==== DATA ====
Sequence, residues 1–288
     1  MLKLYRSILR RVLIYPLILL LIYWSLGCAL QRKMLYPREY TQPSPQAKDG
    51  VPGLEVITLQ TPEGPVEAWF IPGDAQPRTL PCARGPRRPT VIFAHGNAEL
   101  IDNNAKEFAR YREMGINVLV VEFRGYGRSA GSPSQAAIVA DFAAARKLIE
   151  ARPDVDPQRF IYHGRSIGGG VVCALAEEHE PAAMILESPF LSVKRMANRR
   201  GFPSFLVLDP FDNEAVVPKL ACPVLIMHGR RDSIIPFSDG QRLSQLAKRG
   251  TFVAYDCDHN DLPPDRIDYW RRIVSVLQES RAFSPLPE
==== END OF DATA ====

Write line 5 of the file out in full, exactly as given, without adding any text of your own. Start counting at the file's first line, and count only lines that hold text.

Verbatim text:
   151  ARPDVDPQRF IYHGRSIGGG VVCALAEEHE PAAMILESPF LSVKRMANRR